Interning at the NRDC these past few months has been an incredible opportunity to contextualize my work on chemical hazard assessment within the vast and sprawling maze that is the US chemicals regulatory system. Much like the cells that make up the human body, chemicals regulation is a complex and dynamic network of systems within systems. Just as cells take in food and nutrients to produce energy and biological molecules, various groups such as companies, government groups, and advocacy organizations apply inputs to the chemical regulatory system with the hope of achieving a desired output. In most cases it is, either the prohibition or the exoneration of a chemical used in commerce. In the case of chemicals regulation, inputs may include public health studies, lobbying efforts, court cases, science advisory panels, and public comments. These create myriad and subtle changes throughout the systems within systems. While I’d had a vague sense of the complexity of this regulatory ecosystem due to my public health training, it wasn’t until I was in the thick of it that I truly understood its sophistication and scope. At the NRDC, I learned quickly about the different actors involved, and where they fit in; I learned about the legal frameworks and policies that gave structure to the ecosystem; I learned about the places where science and law were most applicable, and that they weren’t often the same places; and finally, I learned about new possibilities for applying my training as a toxicologist.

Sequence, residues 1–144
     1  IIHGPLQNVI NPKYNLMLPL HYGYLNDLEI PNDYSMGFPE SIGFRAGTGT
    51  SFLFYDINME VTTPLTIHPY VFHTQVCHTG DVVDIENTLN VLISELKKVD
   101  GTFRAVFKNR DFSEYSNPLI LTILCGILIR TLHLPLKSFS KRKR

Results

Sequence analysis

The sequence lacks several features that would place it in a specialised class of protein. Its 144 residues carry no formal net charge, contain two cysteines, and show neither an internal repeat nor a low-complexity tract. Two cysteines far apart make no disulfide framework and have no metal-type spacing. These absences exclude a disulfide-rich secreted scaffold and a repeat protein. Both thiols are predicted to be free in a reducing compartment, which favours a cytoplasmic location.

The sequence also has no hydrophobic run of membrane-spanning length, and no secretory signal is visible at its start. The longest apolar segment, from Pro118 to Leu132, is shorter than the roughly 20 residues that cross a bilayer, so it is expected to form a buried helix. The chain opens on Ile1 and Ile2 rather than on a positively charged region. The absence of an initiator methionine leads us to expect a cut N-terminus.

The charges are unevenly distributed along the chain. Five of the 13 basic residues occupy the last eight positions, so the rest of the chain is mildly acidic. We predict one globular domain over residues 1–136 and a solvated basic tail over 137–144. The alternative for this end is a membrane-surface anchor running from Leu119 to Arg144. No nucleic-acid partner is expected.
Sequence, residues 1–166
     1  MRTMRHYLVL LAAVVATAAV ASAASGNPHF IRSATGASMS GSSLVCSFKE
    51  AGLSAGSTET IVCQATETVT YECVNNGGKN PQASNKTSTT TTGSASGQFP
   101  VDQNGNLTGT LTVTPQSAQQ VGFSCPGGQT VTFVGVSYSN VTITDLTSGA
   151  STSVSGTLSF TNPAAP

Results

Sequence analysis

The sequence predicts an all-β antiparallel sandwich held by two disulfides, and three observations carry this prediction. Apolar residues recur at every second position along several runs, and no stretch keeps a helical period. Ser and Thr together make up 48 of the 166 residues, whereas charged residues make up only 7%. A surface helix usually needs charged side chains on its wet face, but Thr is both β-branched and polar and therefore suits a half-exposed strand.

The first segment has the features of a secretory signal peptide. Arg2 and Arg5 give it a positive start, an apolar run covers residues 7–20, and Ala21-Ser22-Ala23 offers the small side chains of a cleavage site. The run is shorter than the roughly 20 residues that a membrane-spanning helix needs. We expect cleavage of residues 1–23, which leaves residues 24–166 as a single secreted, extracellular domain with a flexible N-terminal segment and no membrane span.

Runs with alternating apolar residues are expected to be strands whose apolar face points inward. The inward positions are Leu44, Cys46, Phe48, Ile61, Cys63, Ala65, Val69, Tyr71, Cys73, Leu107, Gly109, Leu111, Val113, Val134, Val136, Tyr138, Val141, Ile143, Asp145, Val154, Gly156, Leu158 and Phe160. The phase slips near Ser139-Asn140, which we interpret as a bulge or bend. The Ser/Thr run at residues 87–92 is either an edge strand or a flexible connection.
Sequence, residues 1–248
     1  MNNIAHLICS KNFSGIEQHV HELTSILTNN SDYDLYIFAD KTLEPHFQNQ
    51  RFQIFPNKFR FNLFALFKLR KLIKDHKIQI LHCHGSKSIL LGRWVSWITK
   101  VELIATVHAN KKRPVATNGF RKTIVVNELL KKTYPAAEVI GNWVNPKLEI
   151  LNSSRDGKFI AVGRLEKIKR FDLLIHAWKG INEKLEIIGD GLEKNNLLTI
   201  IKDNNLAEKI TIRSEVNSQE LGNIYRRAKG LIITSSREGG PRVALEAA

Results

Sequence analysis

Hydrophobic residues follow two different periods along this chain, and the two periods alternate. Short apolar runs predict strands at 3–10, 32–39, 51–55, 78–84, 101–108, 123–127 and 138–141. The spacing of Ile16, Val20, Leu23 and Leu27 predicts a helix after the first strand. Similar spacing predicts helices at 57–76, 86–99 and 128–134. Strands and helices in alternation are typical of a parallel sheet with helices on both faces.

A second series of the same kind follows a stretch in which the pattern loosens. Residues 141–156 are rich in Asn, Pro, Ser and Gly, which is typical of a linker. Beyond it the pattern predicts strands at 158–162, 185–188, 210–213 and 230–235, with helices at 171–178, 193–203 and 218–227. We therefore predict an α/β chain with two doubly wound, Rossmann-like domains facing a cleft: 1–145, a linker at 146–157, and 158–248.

Working with Dr. Kristi Pullen Fedinick, my primary project required me to assess a new model that the EPA has proposed as an alternative testing method for an androgen disruption screening assay, and to determine its strengths and weaknesses. On its surface, the project seemed straightforward: decide if this model works well enough as a replacement for an existing test and provide an assessment in time for a science advisory panel at the EPA headquarters in Washington DC – a panel that the NRDC sent me to attend. Below the surface, however, there were several aspects of the project which carried much greater weight when placed in the context of the present regulatory environment, the most significant of which also featured prominently in my dissertation: the applicability of high-throughput screening (HTS) methods for chemical hazard screening.